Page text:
ABOVE THE CLOUDS

ABOVE+THE+CLOUDS

What was once a childhood dream has turned into something bigger for junior Patrick Fogel. With a pilot as a dad, he has always been surrounded by aviation and lately has started working towards getting his pilot’s licence.

In an effort to further his knowledge and experience with planes, Fogel started volunteering at the Commemorative Air Force Museum in Camarillo three years ago. He spends countless hours in the museum surrounded by old planes. While there, his main task is to help maintain the planes and host events at the facility to raise money.

“One of the good things is that we fly World War II aircraft. I want to fly those aircraft because it’s [a mix of] history and flying. Since we keep the planes in flying condition I’ll do work to maintain the aircraft. Because that is expensive we have events, like parties, so I usually help run those,” Fogel said.

His long journey towards getting his pilot’s licence started this past summer when he started lessons with a flying instructor. The Camarillo airport is Fogel’s main training center where he works with his trainer. Each weekend is an opportunity for him to improve his skills and work towards getting his license.

“I’m currently doing my flight training with Camarillo Flight Instruction.They give you an instructor and do a lot of the flying with them,” Fogel said.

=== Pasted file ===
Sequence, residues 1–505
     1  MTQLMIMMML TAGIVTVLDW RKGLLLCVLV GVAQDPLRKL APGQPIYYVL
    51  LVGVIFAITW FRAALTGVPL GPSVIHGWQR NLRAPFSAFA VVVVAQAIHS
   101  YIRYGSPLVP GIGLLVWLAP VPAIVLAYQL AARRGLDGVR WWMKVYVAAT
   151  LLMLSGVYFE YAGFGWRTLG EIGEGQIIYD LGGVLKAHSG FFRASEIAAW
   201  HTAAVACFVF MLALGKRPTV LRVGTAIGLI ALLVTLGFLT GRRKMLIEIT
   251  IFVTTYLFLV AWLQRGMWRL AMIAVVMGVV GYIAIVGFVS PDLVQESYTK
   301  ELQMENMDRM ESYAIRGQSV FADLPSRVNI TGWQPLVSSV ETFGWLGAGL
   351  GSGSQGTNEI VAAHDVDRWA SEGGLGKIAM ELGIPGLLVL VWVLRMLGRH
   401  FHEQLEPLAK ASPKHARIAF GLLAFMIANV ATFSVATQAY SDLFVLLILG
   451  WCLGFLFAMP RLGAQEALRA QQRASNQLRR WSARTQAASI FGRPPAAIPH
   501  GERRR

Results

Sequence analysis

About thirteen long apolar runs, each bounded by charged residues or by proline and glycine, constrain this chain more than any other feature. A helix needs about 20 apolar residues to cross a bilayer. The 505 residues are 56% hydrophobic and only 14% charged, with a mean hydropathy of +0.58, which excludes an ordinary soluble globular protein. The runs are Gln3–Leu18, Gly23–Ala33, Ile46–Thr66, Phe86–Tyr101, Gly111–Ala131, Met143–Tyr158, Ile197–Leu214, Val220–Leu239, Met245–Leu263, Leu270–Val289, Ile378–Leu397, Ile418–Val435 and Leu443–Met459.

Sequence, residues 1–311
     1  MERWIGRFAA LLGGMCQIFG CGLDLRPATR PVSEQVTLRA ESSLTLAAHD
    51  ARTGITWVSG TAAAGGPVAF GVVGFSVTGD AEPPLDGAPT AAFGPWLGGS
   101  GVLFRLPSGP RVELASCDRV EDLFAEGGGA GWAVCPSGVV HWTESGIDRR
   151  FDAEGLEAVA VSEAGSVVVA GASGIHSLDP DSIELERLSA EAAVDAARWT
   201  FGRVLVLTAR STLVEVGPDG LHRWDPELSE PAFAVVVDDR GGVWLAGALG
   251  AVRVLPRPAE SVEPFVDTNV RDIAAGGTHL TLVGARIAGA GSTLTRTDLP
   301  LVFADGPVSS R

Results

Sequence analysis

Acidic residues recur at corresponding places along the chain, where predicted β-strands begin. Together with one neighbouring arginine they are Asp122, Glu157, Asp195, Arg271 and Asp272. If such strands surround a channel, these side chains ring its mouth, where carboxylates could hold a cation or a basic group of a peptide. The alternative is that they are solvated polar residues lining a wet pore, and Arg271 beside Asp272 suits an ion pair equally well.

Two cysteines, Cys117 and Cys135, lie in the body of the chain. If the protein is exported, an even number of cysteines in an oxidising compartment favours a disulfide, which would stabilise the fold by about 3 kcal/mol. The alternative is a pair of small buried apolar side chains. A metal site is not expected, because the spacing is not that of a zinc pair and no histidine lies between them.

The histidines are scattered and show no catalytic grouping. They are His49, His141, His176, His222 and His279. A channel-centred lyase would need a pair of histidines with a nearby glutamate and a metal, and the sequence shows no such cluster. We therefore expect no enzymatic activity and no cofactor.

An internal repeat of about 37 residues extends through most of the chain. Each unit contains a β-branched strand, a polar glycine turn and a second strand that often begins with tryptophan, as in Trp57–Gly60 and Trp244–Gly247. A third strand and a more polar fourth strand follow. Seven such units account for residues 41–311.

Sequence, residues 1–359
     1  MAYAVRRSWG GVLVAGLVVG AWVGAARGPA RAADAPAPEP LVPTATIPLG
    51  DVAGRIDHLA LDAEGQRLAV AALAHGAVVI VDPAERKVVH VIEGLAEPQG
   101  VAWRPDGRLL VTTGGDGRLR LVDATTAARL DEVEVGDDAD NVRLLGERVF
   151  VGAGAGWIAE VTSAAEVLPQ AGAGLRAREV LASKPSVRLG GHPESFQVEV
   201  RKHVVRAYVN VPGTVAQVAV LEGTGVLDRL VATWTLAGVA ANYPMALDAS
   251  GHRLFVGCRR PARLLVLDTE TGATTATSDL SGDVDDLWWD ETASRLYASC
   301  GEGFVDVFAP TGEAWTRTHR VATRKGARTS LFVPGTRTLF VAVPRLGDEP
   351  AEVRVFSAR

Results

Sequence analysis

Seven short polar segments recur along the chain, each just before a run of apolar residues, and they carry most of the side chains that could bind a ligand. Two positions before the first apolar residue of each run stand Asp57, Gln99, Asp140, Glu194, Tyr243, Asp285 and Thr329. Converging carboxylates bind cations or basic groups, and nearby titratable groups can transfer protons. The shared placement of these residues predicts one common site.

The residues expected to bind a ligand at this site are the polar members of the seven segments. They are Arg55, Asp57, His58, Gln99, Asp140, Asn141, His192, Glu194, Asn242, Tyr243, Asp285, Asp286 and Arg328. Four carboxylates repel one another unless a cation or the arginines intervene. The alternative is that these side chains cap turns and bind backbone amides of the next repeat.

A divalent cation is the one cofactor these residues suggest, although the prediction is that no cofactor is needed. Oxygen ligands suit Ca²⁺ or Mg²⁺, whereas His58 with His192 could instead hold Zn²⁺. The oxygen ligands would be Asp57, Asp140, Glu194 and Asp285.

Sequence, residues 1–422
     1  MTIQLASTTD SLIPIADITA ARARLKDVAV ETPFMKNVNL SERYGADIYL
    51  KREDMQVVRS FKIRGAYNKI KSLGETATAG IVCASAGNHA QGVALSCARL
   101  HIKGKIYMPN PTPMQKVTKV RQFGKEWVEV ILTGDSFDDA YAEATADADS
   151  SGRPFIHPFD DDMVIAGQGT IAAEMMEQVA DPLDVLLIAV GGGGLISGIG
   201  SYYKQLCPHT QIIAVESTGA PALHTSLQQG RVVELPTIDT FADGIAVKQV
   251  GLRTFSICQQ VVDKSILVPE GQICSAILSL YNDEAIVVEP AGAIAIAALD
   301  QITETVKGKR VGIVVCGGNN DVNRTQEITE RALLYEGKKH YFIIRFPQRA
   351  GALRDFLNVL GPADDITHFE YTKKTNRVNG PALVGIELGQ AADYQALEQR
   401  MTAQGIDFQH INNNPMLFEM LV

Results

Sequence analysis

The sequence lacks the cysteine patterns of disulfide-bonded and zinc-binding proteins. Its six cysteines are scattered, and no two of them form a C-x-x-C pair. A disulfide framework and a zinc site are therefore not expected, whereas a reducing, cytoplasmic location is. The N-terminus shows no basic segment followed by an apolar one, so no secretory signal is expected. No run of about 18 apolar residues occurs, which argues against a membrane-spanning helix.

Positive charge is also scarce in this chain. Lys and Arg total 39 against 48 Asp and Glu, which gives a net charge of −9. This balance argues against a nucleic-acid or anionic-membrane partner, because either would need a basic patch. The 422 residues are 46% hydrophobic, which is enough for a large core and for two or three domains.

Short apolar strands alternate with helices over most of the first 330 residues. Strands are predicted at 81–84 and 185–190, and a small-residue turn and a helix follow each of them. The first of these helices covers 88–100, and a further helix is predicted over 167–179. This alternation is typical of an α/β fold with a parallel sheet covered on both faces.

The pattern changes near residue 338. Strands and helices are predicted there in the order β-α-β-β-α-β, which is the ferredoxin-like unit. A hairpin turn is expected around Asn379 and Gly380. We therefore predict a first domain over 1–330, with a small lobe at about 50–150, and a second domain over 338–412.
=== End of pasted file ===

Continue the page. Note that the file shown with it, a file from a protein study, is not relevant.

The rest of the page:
The only obstacle in the way of getting his license is his age, since it is mandatory to be at least 17 to get a private pilot certificate. In the meantime Fogel is doing basic training around the airport and flying to local places like Santa Barbara.

“The minimum amount of flight time you need is forty hours and then there’s a written test you need to do for basic 

knowledge. Then you need a certain medical [report] and there are different things you need to do, like go on a cross country flight. Once you’ve got everything 

done you take a check ride where you go up with an instructor and they will have you do maneuvers, see how well you can [fly].”

Fogel describes it as a “rollercoaster but you have control of where you’re going.” It isn’t hard to imagine why he continues to strive to be the best pilot he can be, as he describes the feeling of flying as the main reason for his love for the pastime.

Although the act of flying may look simple from an outward perspective, Fogel reveals the truth about the practice and focus needed to keep the plane up.

“Flying is a lot more user intensive than driving. Because there is so much more to manage. You manage your fuel air mixture, a lot of different instruments, your airspeed indicator and you talk on the radios. The hardest part is having all these little things to manage and you have to do it all at once.”

For the future, Fogel hopes to use his flight knowledge to be a pilot for the Navy. He currently flies a Cessna 172 but wishes to fly a F/A-18 later on in his piloting career.

“You request where you want to go, at which  point they will send you to basic flight, training, which is for the Navy where I want to go,” Fogel said. “Once you’re done with basic flight you put in a request for what you want to fly and then you will get sent on to actual flight training for the specific aircraft.”